Maintaining our junior partner relationship with the US and, in particular, going for Brexit, will leave us isolated, weaker and more vulnerable; forced to rely on a US led by a dangerous demagogue. United with Europe we are better placed to stand up to the US, in our interests and the interests of the wider world.


Malcolm Rifkind

Yet again you reveal your prejudices as early as your first sentence. You concede that most prime ministers have “defied Washington” over the years but you complain that these were “exceptions and not the rule.” Why should “defiance” have been “the rule”? You appear to believe that Britain, over the years, had as little in common with the US as with the USSR.

Your remedy for this alleged misalliance is that we should now work with the European Union to forge “a progressive counter-weight to US hegemony.” Which leaders do you have in mind? Marine Le Pen or the anti-gay François Fillon, one of whom will be the next French President? The Christian Democrat Angela Merkel or Viktor Orbán, the nationalist leader of Hungary? Or the xenophobic, governing Law and Justice Party of Poland?

Which of Europe’s current leaders meet your leftist, socially “progressive” criteria? I agree with you that leaving the EU was a sad decision but as it was the democratic verdict of the British people I assume that, as a good democrat, you accept it. Or am I mistaken?

You try to make the point that we are only the “junior partner” of the Americans. Who ever suggested otherwise? The US is not a superpower but a super-duper power!

Our close and fundamental relationship has not depended on the personality or perceived competence of successive presidents but on a hundred years of joint endeavour and common aspirations. Every British government, since 1945, including “progressive” Labour administrations has taken that view. Clement Attlee and Ernest Bevin would agree with me, even if you don’t.


Peter Tatchell

Even if Britain leaves the EU, we can still co-operate with other European nations, as a counter-weight to the US. This looks a hard ask right now. The rise of the European far right is a consequence of decades of failure by conservatives, liberals and the left to reform the EU and create a progressive alternative to US dominance, with practical policies that benefit ordinary people. But, as I have proven by helping take LGBT rights from the margin to the mainstream, what seems impossible can be made possible with vision and determination.

The big challenge is to forge a pan-European alliance of parties to push for a new progressive Europe that has popular appeal and avoids the failings of the US. Although I disagree with the Brexit vote, I accept it on democratic grounds, with the proviso that there should be a second referendum on the terms of our leaving. Even if Brexit is confirmed, Britain can still voluntarily co-operate with the EU (and non-EU countries) on issues that will be good for us.

In the meantime, we face the reality of a Trump presidency. He’s not a legitimate president, given that he lost the popular vote. But he is the president under the anti-democratic electoral college system (which I have criticised for decades). He has threatened to tear up the Iran deal, go soft on Putin’s tyranny and annexations, curb action against climate destruction and restart CIA torture programmes.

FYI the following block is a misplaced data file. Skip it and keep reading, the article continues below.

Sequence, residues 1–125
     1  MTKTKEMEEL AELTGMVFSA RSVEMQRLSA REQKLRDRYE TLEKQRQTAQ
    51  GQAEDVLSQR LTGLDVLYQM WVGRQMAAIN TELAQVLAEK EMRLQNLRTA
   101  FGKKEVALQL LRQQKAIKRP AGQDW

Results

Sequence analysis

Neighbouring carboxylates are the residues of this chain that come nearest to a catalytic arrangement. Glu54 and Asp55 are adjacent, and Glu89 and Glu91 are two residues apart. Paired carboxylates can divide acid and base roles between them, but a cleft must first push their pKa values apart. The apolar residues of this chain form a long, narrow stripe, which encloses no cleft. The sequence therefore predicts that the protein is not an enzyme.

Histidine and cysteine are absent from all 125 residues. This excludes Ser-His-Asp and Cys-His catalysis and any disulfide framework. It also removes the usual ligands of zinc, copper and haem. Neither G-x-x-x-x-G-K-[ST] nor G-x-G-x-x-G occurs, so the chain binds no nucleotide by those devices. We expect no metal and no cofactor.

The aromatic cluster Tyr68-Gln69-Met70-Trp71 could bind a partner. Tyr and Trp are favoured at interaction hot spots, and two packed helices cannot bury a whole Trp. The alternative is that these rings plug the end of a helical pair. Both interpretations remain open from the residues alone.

These are policies that would make the world less safe, stable and sustainable, and are likely to fuel conflict, autocracy, conquest and Islamist extremism. They reinforce the need for Britain to assert a foreign and military policy more independent of the US—wherever possible in collaboration with Europe because united we are stronger and more effective.


Malcolm Rifkind

I am glad that we are agreed that achieving a “progressive” Europe, given the rise of the far right and Euroscepticism, is not on the cards now or in the near future. But you are still allowing your prejudices to overcome your judgement. You argue that despite the current problems we should campaign for a “pan-European alliance” to push for a new Europe.

But if “what seems impossible can be made possible with vision and determination” why should this not also include our relationship with the US? Why do you always maintain that they are beyond the pale? Whatever you think of Trump, you are aware that Clinton won over two million more votes than Trump. So the American people cannot be dismissed as incurably reactionary and extreme. Where is your “vision” when it comes to our transatlantic brethren!

I am relieved you accept that the Brexit vote must be respected. I agree that when we leave the EU we must closely co-operate with our European neighbours. That, however, brings us back to your paranoia about the US and your determination to see them as enemies, not natural friends. Yes, Trump has threatened to tear up the Iran deal, go soft on Putin and restart CIA torture programmes. We do not yet know whether he is any more serious on these than getting the Mexicans to pay for a wall or prosecuting Clinton. Far from shunning the White House, Britain has a better chance than any other country of getting him to drop these foolish ideas.

Churchill once said that you can always rely on the Americans to do the right thing once they’ve tried every other option. At the recent election they, sadly, decided to try one of the other options. Our opportunity and duty is to do all in our power, as a candid friend, to win the new president over. To use your own words “with vision and determination we can.”